Class and region in the 2010 election

On one level the 2010 Australian election was a remarkable one. But on another level it was an election in which very little changed: the patterns of 2007 persisted with a regional overlay. In 2007 class alignments shifted as Labor won back the support of many working-class voters who had supported the Coalition in 2004 (as they had done in 1996). For all the media’s preoccupation with One Nation in 1998 and suburban redneckery in 2001 these two elections saw Labor do OK among its traditional support base. In 2010 the swing against (or towards) Labor was regional shifting patterns of class allegiance were irrelevant Tony Abbott may have almost won but his coalition of support was different from that of Howard in 2004.

How do I know this? I did a logistic regression analysis of the data in the 2004, 2007 and 2010 Australian Election Studies. The variables I sought to explain were a House of Representatives vote either for Labor or for either of Labor and the Greens. My explanatory variables were gender, trade union membership, manual working-class status (trade, labourer or process worker), self-employment, employment in a family business or a farm, professional-managerial employment. This was a multivariate analysis I am not just considering how trade unionists or manual workers voted in the aggregate but the extent to which personal attributes such as union membership or manual occupation impact on voting choices after all other variables are taken into account. Trade union members are disportionately government employees so some of the observed higher levels of Labor support among trade unionist is actually a reflection of government employment. The technique I use enables these factors to be separated. The patterns of support are similar for the Labor vote and the combined Labor+Greens vote.


Encouraged left vote:

Trade union membership, government employment

Discouraged left vote:

Self-employment, professional-managerial employment, family-farm employment

In 2004 the Liberals moved out from their heartland being a manual worker had no impact on electoral choice. Labor was pushed back to its diminished heartland of unionists and government employees.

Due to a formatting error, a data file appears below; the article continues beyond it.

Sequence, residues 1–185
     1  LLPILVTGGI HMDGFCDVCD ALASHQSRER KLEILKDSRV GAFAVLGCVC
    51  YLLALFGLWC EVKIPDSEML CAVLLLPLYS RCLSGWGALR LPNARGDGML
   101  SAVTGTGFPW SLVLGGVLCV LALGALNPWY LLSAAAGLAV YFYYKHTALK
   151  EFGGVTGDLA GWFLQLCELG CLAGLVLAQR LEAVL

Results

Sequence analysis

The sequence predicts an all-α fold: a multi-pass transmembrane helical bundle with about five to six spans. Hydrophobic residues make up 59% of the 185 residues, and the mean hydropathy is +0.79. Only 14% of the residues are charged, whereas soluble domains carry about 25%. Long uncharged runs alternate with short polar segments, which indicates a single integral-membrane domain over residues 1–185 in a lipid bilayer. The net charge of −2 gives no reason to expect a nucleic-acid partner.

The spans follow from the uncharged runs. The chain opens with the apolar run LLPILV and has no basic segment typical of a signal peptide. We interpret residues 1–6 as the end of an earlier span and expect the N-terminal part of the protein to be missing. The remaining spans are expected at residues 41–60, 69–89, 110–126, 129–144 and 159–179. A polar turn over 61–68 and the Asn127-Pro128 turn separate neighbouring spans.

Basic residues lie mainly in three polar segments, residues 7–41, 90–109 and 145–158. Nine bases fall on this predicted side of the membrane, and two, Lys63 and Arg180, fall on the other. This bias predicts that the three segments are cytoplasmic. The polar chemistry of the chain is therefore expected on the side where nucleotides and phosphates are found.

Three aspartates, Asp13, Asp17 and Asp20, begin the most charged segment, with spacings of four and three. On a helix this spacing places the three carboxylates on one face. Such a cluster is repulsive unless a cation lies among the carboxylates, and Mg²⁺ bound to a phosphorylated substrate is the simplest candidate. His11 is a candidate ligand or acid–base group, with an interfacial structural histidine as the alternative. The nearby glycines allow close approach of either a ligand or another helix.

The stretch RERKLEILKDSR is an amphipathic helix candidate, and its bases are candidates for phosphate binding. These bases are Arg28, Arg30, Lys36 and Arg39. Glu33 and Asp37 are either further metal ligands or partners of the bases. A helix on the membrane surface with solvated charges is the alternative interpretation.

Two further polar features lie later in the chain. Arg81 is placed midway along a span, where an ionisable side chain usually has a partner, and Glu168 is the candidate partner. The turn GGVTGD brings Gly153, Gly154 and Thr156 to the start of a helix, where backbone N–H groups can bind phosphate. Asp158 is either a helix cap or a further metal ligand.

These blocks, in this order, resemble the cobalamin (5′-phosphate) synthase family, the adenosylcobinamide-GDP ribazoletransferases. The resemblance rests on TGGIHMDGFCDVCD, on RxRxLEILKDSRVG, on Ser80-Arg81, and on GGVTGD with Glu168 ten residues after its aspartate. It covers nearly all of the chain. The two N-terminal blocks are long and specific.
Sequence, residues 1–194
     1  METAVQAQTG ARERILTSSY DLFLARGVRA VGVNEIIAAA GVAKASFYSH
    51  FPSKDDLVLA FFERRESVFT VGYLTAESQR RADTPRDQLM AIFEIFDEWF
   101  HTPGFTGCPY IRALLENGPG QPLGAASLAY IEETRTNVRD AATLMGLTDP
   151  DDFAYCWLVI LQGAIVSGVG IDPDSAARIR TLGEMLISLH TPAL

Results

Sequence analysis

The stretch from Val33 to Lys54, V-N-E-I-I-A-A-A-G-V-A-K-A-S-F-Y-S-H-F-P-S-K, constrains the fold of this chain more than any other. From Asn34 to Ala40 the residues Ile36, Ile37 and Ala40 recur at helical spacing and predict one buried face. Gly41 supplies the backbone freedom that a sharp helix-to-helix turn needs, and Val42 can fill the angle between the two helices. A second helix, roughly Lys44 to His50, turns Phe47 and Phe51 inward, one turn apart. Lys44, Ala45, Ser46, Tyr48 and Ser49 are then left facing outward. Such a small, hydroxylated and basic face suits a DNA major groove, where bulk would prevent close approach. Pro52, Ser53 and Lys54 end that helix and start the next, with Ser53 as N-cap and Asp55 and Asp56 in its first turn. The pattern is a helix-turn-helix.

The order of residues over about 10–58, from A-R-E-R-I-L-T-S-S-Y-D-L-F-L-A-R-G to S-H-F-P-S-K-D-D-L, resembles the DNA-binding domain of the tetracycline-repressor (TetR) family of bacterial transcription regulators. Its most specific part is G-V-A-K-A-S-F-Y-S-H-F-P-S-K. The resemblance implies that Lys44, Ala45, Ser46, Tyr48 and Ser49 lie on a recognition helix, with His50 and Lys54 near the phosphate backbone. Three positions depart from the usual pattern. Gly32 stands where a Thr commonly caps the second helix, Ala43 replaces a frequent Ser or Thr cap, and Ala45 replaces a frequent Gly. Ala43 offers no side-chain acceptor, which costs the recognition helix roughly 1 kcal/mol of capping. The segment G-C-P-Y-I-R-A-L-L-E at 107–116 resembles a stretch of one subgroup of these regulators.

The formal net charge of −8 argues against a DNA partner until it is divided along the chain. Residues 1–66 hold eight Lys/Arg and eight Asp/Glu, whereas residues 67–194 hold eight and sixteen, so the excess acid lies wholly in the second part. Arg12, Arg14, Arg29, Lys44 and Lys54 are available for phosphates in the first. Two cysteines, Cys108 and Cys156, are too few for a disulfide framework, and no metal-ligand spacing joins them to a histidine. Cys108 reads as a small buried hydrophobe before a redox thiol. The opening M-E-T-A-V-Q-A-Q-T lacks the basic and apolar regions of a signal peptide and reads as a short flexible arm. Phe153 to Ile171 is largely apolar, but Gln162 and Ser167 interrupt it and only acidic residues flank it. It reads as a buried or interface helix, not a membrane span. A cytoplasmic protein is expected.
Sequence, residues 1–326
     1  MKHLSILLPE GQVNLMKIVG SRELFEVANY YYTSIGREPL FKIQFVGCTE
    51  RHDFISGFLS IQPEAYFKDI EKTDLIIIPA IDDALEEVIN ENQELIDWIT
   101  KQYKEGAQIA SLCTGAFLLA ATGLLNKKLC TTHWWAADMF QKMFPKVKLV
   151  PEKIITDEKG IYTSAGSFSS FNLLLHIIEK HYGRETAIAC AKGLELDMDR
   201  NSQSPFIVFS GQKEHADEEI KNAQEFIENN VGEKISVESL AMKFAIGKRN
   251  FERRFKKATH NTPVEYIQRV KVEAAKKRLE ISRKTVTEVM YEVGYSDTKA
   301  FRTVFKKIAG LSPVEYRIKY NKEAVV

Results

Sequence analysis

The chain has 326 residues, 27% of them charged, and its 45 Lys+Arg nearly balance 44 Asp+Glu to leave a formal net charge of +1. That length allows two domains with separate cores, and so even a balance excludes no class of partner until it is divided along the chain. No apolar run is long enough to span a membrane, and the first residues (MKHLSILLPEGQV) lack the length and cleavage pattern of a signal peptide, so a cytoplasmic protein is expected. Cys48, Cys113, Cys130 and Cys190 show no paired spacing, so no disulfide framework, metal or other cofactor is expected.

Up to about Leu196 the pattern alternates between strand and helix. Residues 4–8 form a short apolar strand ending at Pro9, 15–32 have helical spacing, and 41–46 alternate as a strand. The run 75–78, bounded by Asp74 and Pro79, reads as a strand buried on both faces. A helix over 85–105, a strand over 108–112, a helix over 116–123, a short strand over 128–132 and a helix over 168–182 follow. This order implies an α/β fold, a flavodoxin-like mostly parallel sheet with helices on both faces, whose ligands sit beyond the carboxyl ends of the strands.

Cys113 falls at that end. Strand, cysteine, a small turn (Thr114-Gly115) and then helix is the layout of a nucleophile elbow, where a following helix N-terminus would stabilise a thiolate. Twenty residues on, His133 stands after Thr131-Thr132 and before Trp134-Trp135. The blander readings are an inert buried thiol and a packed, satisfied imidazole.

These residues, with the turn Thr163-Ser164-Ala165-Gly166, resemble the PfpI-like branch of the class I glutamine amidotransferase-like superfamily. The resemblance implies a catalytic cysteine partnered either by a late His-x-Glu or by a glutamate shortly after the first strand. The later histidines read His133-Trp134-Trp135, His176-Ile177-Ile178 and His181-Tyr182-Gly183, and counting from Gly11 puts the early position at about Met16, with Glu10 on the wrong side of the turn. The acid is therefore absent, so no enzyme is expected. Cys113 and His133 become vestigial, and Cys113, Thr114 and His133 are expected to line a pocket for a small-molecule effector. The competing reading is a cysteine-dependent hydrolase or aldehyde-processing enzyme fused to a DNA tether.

Encouraged left vote: union membership, government employee, manual occupation

Discouraged left vote: self-employment

Labor regained its traditional base but Kevin07 struck a chord with many affluent voters as well. Noteworthy that family-farm employment ceases to be significant, was this a WorkChoices effect?


Encouraged left vote: government employment, trade union membership, manual occupation (a stronger effect than in 2007)

Discouraged left vote: male gender, self-employment, family-farm employment

With WorkChoices off the agenda small business employees (disportionately non-manual also) return to their traditional allegiance. However Labor held its gains among manual workers (Victoria outweighed Qld?). There was a male vote for Abbott. The Coalition did not regain its professional-managerial base lost in 2007. A new regional pattern was overlaid on top of the class realignment of 2007.  It explains why Labor held Robertson & Dobbell.

One thought on “Class and region in the 2010 election

  1. Siobhan says:

    I note you say there was a male vote for Abbot. Is this based on some form of knowledge, or have you used that turnon phrase in orde to avoid describing it as a male vote against Gillard, or perhaps a female vote for Gillard?

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